VIP Mud Script Creation Guide

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VIP Mud Script Creation Guide

 : There will come a time when you want your client to do something more. This guide will give you the understanding required to achieve many basic and advanced functions. And before you start thinking its too difficult, accept that even the most advanced processes can be broken down into a collection of basic functions. 

Making A Script File

 : The simplest way to ensure your work is saved where and how you intend it is to use a plain text editor. Use Notepad or some such application to open your '.set. type files. Save the file yourself,. Use the VIP Mud client command #LOAD command as needed, to load your definitions into active memory. 

vipmud_example1.set : Try this example to see how easy it is to put your work where it wont get lost.

Loading Scripts

VIP Mud Script Loading Guide
See this guide for storing and loading script files.

Defining Aliases

 : An alias is a shortcut. It allows you to execute sets of commands with a single customized command. Whenever possible, we use an alias in place of writing the same list of commands repeatedly. The VIP Mud help file explains fundamentals of defining an alias. How to organize and utilize aliases is another story. 

 : Especially in the playing of sounds, it is useful to define an alias to allow for testing of the sound before you use it in a function.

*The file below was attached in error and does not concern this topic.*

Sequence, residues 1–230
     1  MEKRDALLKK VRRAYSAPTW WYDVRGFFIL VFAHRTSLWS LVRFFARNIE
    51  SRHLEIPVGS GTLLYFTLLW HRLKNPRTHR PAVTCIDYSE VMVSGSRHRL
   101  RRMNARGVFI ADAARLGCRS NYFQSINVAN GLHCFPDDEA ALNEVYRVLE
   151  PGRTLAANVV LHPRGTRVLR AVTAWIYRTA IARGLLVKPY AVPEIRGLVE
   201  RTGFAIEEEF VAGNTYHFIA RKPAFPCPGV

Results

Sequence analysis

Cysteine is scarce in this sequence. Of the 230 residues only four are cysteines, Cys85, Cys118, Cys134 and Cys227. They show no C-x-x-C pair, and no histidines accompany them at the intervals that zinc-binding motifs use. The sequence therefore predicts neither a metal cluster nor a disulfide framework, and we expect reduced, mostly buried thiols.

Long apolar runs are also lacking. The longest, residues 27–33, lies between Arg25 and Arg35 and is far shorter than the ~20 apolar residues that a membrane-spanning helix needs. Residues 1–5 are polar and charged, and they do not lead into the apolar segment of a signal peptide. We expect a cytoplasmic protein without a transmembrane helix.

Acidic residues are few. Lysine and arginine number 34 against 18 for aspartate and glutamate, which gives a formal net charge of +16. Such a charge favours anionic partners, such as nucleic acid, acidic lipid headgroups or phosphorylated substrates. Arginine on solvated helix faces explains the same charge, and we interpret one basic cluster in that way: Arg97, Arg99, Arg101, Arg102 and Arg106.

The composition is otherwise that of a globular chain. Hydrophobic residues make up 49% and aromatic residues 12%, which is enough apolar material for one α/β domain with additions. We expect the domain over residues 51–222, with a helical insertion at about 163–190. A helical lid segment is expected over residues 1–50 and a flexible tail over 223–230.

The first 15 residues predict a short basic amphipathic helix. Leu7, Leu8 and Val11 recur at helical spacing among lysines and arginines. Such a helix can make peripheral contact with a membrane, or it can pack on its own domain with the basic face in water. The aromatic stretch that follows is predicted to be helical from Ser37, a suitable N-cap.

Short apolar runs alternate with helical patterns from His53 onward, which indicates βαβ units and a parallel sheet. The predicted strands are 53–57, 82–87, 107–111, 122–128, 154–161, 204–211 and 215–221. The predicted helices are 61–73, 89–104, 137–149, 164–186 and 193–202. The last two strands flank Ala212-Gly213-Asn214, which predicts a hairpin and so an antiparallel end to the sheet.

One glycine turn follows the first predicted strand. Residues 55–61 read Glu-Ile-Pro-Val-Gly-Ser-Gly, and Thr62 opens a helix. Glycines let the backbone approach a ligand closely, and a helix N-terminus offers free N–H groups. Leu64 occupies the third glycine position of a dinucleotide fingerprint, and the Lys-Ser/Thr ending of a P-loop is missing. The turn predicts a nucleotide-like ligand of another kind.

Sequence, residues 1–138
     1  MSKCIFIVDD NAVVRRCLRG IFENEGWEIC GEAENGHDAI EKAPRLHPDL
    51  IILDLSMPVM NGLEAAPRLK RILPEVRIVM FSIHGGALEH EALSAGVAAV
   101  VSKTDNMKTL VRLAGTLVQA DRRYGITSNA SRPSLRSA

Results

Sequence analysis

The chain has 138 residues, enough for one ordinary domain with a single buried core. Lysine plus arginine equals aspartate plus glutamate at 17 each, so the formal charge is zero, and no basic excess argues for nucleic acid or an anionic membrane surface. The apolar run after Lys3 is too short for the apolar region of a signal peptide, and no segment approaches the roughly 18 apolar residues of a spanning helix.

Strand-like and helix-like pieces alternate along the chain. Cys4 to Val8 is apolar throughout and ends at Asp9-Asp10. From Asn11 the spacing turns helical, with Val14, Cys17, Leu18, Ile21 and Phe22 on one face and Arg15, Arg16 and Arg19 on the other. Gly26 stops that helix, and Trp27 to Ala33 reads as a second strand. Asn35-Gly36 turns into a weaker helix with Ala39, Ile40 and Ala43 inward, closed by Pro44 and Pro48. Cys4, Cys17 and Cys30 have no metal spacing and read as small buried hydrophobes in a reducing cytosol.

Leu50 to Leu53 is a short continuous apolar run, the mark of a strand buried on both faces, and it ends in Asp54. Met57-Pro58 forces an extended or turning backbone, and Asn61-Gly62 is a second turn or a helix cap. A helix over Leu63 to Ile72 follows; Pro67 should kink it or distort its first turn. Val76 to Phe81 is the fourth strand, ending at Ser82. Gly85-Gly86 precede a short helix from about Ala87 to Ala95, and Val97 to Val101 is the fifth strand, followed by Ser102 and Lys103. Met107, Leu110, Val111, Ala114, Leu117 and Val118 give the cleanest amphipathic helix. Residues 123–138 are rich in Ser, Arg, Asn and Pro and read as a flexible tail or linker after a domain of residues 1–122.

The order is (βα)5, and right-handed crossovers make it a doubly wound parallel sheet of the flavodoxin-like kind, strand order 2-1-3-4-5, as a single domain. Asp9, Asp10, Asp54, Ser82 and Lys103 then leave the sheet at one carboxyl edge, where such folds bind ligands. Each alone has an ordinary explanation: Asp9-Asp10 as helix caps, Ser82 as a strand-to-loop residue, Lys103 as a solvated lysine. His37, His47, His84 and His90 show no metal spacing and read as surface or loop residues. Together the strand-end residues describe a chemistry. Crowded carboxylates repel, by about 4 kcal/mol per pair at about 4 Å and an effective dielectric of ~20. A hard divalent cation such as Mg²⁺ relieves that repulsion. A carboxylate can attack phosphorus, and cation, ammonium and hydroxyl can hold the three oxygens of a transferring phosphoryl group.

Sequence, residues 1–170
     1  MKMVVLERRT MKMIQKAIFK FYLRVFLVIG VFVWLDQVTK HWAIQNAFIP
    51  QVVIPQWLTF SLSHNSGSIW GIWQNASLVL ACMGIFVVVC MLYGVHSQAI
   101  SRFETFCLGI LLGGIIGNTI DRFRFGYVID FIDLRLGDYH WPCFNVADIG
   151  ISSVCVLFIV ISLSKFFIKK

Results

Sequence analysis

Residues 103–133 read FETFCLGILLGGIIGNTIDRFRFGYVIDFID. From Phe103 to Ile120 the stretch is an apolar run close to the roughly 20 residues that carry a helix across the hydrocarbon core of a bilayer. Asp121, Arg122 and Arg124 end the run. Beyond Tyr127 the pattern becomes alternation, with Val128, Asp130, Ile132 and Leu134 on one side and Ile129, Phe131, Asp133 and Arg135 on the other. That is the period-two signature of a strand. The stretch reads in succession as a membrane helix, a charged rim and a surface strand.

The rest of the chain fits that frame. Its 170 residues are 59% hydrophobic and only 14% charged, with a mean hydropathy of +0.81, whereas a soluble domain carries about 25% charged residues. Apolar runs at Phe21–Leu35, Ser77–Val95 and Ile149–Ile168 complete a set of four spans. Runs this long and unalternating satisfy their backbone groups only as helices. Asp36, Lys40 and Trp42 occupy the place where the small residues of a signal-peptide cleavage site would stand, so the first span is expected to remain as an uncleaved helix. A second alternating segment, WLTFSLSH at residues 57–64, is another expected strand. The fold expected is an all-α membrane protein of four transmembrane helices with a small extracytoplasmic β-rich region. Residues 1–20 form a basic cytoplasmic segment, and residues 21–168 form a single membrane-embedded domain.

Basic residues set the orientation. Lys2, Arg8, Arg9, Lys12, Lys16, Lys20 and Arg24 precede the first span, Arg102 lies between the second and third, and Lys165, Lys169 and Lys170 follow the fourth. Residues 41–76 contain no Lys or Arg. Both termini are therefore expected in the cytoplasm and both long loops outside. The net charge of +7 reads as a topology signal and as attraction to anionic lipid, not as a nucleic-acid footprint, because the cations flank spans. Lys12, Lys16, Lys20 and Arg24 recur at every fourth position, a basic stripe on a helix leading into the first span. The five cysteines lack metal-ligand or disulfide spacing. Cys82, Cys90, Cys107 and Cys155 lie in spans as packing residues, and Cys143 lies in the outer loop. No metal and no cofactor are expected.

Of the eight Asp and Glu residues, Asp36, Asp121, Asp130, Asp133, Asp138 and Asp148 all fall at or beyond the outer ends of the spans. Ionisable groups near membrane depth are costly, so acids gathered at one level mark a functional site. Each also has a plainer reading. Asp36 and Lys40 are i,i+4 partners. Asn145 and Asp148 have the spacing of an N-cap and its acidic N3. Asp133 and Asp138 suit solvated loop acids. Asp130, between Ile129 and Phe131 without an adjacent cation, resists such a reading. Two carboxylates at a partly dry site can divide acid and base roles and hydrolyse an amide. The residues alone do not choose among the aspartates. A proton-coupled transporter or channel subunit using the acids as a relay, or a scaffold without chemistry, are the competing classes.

vipmud_example2.set : Try this example of a sound alias to explore the benefits of writing easily testable and reusable code. An alias like the one given in this example could be refered to by dozens of sound triggers, each ensured to make the same easily changed sound and each playing at different volume settings.

Explaining Example 2

Note that the name of the alias in the example starts with "MM_". This convention allows us to better understand why this alias exists. In a list of dozens of alias names, it quickly becomes obvious why we use meaningful names.

The entire set of commands, 1 #PLAY command, is enclosed within {} braces. This denotes the start and end of the alias code.

The #PLAY command consists of 3 parts: the command word starting with a '#' sign, the pathh, and the volume.

The file path could just as easily include a full path starting from a machine drive like "C:/" or could extend into subdirectories of the main sound directory like "/mm/effects/ding.wav". So long as the file exists and the '/' forward slash is used and not the '\' backslash. The file path is also enclosed in {} braces to ensure the start and end of it is defined correctly.

The volume, as a percentage of full volume, is at the end. Without the volume, the file will play at full 100% volume by default. If any number is given after the alias, as an argument, it will replace the %0 portion of the code. (see the 'parsing arguments' section of this page)

The alias is called by its name, with an optional volume setting to follow. With the alias code in place, use "MM_TEST_SOUND 50" to play the sound file.

Using Variables

 : The VIP Mud help file is no place to be explaining the finer points of how best to use variables. Accurate and reliable storage of data is essential to proper performance of your scripts. There may be no one truely correct method, but there are certainly many ways to go wrong.